TAMPA — Gov. Rick Scott is against it. Sen. Bill Nelson is for it. Former Gov. Charlie Crist is also a supporter, and the opposition may have just received a boost from former Gov. Jeb Bush.
Political heavyweights are staking out positions on Amendment 2, the ballot measure this fall that will ask Floridians whether medical marijuana should be legal in the state. While an overwhelming majority of civilians support the amendment – 88 percent to 10 percent in the latest Quinnipiac poll – familiar names in Florida politics are lining up pretty much along party lines, hoping their good name and statewide recognition might swing voters as they contemplate the fall ballot.
Some pols’ positions are more nuanced. Republican Sen. Marco Rubio opposes Amendment 2, but supported the legalization of the low-THC marijuana strain “Charlotte’s Web” approved by the state Legislature. And good luck wheedling a position out of President Barack Obama. The Office of National Drug Control Policy says the administration “steadfastly opposes” legalization, but the president has said that in states that have approved marijuana in some form, prosecution would not be a priority.
Bush entered the fray last week, with the Drug Free America Foundation posting an announcement that the popular former governor was joining its “Don’t Let Florida Go to Pot” coalition.
“Florida leaders and citizens have worked for years to make the Sunshine State a world-class location to start or run a business, a family-friendly destination for tourism and a desirable place to raise a family or retire,” Bush said in a statement.
“Allowing large-scale marijuana operations to take root across Florida, under the guise of using it for medicinal purposes, runs counter to all of these efforts. I believe it is the right of states to decide this issue, and I strongly urge Floridians to vote against Amendment 2 this November.”
Heavy words from a heavy hitter, but a veteran observer of Florida politics said such endorsements aren’t likely to tip any scales.
“Normally, endorsements have the most impact when people have little information about a subject or a candidate,” said Susan MacManus, a professor of political science at the University of South Florida.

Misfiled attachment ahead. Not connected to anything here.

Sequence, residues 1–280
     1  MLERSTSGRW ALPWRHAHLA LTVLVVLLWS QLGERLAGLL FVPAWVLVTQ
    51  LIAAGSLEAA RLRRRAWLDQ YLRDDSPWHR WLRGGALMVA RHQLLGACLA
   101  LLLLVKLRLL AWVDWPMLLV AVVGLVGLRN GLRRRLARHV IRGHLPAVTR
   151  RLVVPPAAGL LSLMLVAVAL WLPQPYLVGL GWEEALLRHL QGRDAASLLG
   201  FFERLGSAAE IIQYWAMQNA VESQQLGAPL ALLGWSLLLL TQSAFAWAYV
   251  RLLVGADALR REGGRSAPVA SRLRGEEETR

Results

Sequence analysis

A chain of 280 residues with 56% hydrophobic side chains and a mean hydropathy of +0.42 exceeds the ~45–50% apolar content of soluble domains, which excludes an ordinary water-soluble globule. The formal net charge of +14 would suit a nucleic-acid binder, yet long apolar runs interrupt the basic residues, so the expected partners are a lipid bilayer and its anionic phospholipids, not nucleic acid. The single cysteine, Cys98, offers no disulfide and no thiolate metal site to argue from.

With trial lawyer John Morgan bankrolling United for Care, the pro-medical pot side, and Sheldon Adelson, a Las Vegas gaming mogul, pumping millions into the opposition effort, Floridians are going to be inundated with information come the November election.
The Bush name comes with enough cache that a voter who admired the former governor might “take a second look,” said MacManus.
Bush was joined by the Florida Chamber of Commerce, Associated Builders and Contractors of Florida and the Florida Trucking Association in opposing Amendment 2. Previously, the Florida Police Chief’s Association, Florida Sheriff’s Association and Florida Medical Association gave medical pot the thumbs-down.
Backers of Amendment 2 don’t seem concerned.
“At United for Care we neither actively pursue nor tout political endorsements,” Ben Pollara, head of the pro-Amendment 2 group, wrote the Tampa Tribune in an email. “Our endorsements are the nearly 800,000 registered voters who signed the petition to put Amendment 2 on the ballot, the over 10,000 volunteers who have joined our campaign and the more than 3,500 donors who have contributed to making this effort what it is today.”
After this month’s primaries, voters go to the polls on Nov. 4.